Welcome to Griffintown!

The Montreal community of Griffintown is a working class neighbourhood situated in the former southwestern downtown part of Montreal. Historically, this area was largely inhabited by Irish immigrants who played a key role in developing the industrial and economic infrastructure that made Montreal an important city for trade and commerce beginning in the 19th century.

The aim of this site is to provide insight into how Griffintown has developed and changed over time. With plans underway to transform this neighbourhood, it is important to document the history of Griffintown. Working class history provides an alternate view of how Montreal developed and what a key role Griffintown and it’s inhabitants played from the 19th century to the mid-20th century. As a virtual exhibit that combines elements of online scholarship, this site features photographs, maps, documents, essays, and other relevant historical information. I chose primary sources from public archives, the library, newspapers, magazines, and from the web. From these sources I scanned images of documents such as maps and photographs, and embedded them into my site along with links to Google Maps, so that visitors to my site can see how Griffintown has changed over time. This virtual exhibit shows historical depictions of the Griffintown as well as links to images that show what the neighbourhood is like now. I felt it was important to primarily use images that I found in books and archives to illustrate the history of Griffintown. I chose to scan and digitize these images, because many of them do not exist on the web and couldn’t be obtained by simply conducing a Google image search.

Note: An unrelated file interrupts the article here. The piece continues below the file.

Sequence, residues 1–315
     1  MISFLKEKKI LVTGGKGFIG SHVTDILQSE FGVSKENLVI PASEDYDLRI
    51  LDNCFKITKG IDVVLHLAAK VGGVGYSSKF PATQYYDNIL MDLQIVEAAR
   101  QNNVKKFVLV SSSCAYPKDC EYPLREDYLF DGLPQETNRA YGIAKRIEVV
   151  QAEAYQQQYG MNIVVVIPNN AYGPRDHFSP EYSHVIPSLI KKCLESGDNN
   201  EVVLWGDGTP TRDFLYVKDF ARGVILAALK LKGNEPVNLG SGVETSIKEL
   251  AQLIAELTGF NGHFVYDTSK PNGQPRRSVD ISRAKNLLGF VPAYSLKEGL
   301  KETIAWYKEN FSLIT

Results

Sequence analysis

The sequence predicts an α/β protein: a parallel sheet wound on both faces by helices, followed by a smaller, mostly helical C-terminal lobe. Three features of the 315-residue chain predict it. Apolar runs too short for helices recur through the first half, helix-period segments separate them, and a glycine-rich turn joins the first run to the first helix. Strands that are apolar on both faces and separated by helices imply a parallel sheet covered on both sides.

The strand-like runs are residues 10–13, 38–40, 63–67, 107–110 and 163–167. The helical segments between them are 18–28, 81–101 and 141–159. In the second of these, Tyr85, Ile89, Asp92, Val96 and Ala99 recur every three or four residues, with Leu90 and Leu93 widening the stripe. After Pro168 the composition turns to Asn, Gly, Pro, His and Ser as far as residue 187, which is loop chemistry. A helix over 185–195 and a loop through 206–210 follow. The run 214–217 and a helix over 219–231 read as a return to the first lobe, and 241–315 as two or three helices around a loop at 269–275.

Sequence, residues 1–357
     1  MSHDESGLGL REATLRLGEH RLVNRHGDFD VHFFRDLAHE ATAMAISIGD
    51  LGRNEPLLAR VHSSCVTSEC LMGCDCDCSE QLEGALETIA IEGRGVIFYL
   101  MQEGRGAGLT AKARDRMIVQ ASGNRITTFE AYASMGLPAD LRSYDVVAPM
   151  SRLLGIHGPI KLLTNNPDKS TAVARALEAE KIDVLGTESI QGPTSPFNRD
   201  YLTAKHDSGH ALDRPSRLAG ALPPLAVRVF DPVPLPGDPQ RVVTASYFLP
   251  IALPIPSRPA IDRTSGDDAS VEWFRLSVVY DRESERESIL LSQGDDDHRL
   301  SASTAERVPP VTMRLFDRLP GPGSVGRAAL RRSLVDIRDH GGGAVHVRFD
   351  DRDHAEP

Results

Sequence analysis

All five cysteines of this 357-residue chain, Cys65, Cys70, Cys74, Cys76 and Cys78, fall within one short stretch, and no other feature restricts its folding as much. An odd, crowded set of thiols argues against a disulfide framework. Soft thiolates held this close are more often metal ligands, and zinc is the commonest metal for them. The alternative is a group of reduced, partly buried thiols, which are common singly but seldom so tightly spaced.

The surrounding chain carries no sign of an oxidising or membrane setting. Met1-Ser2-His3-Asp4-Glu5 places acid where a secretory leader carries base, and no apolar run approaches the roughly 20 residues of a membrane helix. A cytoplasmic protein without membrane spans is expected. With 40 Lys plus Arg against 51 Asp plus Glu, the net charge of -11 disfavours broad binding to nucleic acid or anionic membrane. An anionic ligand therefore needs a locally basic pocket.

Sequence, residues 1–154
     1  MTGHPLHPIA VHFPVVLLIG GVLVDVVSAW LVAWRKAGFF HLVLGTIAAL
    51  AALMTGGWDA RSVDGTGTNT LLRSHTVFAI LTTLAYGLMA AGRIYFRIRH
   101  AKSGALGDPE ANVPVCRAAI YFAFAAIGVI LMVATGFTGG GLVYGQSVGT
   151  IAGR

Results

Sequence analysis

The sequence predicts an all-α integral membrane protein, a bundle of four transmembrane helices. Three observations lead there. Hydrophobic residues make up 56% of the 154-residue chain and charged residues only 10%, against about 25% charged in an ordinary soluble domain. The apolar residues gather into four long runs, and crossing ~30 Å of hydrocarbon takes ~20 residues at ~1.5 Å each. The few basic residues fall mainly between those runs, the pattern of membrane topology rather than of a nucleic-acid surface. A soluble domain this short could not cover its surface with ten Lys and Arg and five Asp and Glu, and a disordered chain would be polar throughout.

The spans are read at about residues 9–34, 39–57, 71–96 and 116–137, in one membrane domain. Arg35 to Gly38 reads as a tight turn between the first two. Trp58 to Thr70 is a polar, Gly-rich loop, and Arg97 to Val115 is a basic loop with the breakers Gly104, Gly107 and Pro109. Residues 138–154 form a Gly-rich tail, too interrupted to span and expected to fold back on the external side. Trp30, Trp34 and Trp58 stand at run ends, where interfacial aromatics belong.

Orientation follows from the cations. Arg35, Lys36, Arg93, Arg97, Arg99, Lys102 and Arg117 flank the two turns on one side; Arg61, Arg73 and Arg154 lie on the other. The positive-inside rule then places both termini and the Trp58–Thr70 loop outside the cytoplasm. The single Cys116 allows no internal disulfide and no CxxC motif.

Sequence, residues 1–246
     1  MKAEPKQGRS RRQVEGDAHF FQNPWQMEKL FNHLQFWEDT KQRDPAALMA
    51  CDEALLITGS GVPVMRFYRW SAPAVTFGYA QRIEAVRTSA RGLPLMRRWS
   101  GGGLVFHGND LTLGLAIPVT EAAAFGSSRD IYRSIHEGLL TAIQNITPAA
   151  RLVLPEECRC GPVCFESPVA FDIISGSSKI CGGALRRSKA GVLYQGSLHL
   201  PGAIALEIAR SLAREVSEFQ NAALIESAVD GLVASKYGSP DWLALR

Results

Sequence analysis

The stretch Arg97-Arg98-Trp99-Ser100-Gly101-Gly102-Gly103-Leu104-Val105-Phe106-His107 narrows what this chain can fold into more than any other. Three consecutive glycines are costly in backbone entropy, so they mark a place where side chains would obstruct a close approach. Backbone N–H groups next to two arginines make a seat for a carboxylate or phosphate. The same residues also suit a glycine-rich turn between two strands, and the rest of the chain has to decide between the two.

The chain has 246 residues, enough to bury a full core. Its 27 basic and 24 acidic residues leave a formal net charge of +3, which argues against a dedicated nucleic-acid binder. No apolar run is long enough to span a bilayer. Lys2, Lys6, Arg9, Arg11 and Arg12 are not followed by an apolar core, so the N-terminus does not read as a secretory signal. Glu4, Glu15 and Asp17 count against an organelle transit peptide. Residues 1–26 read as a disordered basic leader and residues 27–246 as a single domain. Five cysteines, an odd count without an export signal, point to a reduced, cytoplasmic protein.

The section on future developments outlines the ongoing debate between the neighbourhood residents association, the city, and the Devimco development corporation. It remains to be seen who will ultimately shape the proposed urban renewal project. I have also outlined some of the social problems and challenges facing residents of the community.

Additionally, I have chosen to also document specific historical events, such as the building of the Lachine Canal, the murder of Mary Gallagher, and the RAF bomber plane crash of 1944 to emphasize the historical significance of the neighbourhood, as well as the colourful character it has developed over the years. Secondary sources are used to give greater historical context and insight to the primary sources I have posted. They also support the argument that the working class history of Montreal needs to be documented and preserved, especially in light of recent development plans being put forward by the city that will likely transform the neighbourhood without preserving the heritage and culture that developed there from the 19th century onwards.

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